Blogging offers marketers multiple business benefits, not the least of which are SEO benefits and the ability to attract media attention. See how blogging is good for the marketing soul in this column from Paul Chaney.
You've heard the expression "everything old is new again." Born in the 1990s, blogging began as the purview of teens and techies who wanted to keep a digital journal of their lives. Platforms like Open Diary, LiveJournal and Blogger were created to make the process easier.
Political blogs came to prominence in the late 90s, thanks to the likes of Andrew Sullivan, Wonkette, and Little Green Footballs. Howard Dean's 2003 presidential campaign was largely fueled by a blog that contained daily marching orders for his volunteers.
It took a few more years before blogging reached the business mainstream. A May 2005 cover story by Businessweek writer Stephen Baker declared "Blogs Will Change Your Business."
At this point, where blogging is concerned, you might say the rest is history.
However, the advent of social media sent blogging into the digital Dark Ages and it's taken changes to Google's algorithm (famously known as Penguin and Panda) to spark a resurgence and renaissance.
The yin-yang relationship between blogging and social media is now well established; blogging forms the core of an integrated content marketing strategy, around which social media is a distribution channel and added layer. But why is blogging good for the marketing soul? Here are five reasons.
1. Blogs are SEO Gold
Think of the word BLOG as an acronym for "Better Listings On Google." When routinely updated and keyword optimized, especially when tied to Google Authorship, blogs can lead to improved SERPs and form the basis for a comprehensive SEO strategy.
2. Blogs Establish Thought Leadership
I'm reminded of something Rick Short, director of marketing communications for electronic assembly manufacturer Indium, once said about thought leadership: "Being a thought leader is considered the best, most authoritative, trusted source." Short attributes his company's intensive use of blogs as the path to achieving status as an industry leader.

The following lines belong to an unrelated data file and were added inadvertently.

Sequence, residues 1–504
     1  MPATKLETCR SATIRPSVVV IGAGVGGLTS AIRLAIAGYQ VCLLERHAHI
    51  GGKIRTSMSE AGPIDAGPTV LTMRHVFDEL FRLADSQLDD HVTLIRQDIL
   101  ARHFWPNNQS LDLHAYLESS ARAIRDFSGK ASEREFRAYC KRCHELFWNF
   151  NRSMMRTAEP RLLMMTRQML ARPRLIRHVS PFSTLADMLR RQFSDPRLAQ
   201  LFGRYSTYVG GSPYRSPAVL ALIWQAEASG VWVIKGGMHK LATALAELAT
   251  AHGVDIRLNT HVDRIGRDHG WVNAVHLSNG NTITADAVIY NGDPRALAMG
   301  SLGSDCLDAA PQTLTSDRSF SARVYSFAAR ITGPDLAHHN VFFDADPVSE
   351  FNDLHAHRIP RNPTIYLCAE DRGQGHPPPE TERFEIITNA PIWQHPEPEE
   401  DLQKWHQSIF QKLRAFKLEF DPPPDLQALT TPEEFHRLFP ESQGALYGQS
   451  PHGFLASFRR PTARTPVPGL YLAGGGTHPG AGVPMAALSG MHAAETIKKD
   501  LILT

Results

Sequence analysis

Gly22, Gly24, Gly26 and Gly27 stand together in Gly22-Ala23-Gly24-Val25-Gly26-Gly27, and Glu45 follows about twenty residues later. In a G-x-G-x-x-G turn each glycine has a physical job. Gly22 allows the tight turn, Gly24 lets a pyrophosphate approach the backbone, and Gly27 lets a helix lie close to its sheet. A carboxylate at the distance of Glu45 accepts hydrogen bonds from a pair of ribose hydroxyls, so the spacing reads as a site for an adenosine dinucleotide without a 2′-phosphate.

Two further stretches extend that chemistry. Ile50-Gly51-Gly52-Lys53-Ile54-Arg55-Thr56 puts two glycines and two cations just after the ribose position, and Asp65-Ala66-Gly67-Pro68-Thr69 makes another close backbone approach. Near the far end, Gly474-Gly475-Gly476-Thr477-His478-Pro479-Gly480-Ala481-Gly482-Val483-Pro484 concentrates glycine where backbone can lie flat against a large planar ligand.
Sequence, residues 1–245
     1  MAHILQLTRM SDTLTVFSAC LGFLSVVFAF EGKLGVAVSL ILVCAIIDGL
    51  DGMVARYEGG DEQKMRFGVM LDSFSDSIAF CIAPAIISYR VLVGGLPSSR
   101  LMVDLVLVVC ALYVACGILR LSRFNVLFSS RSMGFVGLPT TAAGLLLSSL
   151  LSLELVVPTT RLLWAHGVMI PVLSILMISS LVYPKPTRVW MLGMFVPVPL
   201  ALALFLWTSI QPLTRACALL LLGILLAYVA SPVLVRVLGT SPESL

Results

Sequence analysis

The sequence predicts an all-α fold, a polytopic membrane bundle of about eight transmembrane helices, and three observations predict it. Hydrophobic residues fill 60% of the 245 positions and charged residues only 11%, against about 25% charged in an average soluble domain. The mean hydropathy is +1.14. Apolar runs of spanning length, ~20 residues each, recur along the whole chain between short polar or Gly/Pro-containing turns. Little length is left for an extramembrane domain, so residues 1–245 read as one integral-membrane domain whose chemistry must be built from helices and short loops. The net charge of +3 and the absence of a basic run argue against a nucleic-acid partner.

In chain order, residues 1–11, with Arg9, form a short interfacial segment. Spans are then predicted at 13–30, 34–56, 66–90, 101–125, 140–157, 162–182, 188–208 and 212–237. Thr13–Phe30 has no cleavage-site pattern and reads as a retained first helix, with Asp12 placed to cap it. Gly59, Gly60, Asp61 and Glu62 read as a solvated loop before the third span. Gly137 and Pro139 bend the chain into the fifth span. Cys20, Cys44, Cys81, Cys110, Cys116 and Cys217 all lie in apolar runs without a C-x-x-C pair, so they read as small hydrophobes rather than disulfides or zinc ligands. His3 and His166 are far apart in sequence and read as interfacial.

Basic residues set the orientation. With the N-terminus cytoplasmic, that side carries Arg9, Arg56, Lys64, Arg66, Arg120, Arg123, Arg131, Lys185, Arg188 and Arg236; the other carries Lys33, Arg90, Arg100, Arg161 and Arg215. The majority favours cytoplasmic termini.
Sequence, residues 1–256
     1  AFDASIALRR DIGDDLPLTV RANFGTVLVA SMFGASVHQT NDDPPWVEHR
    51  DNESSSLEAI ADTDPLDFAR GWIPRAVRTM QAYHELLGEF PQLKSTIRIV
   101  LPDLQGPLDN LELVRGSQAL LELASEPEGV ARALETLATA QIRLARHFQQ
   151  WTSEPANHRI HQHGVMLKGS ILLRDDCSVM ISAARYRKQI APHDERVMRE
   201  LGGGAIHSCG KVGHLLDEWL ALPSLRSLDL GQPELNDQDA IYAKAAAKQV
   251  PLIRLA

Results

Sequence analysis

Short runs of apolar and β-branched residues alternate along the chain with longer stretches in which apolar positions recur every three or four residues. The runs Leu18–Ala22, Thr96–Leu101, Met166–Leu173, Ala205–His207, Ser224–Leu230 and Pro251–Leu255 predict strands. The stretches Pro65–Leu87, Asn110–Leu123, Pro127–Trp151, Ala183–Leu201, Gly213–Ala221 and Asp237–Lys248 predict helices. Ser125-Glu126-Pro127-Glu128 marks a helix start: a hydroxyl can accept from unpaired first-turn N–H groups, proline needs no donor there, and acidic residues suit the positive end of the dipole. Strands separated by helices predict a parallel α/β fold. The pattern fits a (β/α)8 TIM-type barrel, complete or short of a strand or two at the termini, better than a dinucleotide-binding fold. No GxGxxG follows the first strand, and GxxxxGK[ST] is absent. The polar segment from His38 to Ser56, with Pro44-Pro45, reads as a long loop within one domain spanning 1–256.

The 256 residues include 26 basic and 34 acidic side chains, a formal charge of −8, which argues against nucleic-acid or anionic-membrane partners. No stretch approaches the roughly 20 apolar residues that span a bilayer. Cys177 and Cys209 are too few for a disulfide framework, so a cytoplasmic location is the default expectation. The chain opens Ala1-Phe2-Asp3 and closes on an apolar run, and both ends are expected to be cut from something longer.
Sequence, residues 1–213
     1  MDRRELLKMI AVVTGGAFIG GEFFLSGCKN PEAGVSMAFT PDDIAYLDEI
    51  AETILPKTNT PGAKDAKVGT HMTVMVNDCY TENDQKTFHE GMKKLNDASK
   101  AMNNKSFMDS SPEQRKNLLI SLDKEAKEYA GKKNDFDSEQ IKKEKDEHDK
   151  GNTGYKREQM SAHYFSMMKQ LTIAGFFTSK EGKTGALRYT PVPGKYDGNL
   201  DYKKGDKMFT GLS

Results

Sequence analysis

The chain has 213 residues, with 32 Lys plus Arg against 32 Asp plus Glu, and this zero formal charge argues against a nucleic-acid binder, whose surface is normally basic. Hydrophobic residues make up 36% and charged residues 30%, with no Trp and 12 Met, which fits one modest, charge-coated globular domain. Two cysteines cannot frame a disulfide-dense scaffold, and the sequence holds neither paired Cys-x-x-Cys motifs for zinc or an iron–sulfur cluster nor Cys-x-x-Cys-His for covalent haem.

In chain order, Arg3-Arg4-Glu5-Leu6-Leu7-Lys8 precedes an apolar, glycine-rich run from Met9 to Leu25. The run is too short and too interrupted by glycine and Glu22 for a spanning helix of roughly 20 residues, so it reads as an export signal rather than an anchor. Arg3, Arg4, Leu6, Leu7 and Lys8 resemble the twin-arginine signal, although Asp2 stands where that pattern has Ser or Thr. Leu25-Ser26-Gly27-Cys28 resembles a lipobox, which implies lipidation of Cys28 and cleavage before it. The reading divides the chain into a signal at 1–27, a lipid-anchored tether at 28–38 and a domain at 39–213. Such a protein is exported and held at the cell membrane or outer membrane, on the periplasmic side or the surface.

3. Blogs Generate Brand Awareness
In his book Get Slightly Famous, author Steven Yoder said that blogs provide a way to differentiate yourself from the competition and position your focused message in the hearts and minds of target customers. It can become a serialized "position paper" that demonstrates an organization's unique value proposition.
4. Blogs Attract Media Attention
Journalists rely on bloggers for source material. Public relations professionals depend on bloggers to shed light on breaking client news. And while repeated pitches or interview requests may become unwelcome, it lends credibility to the fact the blogger is (or can be) a trusted resource.
5. Blogs Build Bonds
Copyblogger's Brian Clark said this about the relationship building power of blogs: "When you consistently deliver valuable content that informs while demonstrating your expertise, people naturally learn more about you and feel an actual bond." In today's social media influenced economy, trust (and the subsequent bond that stems from it) is perhaps the most valuable currency, and is something blogs can help accumulate.
These five reasons lend credence to my belief that blogging's heyday is still ahead. Hopefully, they are enough to convince you of its continuing value, as well.
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Paul Chaney is principal of Chaney Marketing Group, a boutique agency that provides integrated online marketing solutions built on the concept that quality, optimized content framed within the proper context drives sales conversions.
He is a freelance writer, popular speaker, and author of four books on the topics of business blogging, social media, and social commerce. His latest is "The Social Commerce Handbook: 20 Secrets for Turning Social Media into Social Sales," published by McGraw-Hill.
Paul sits on the board of advisors for the Women's Wisdom Network, the Social Media Marketing Institute, SmartBrief on Social Media, and MyVenturePad.com.
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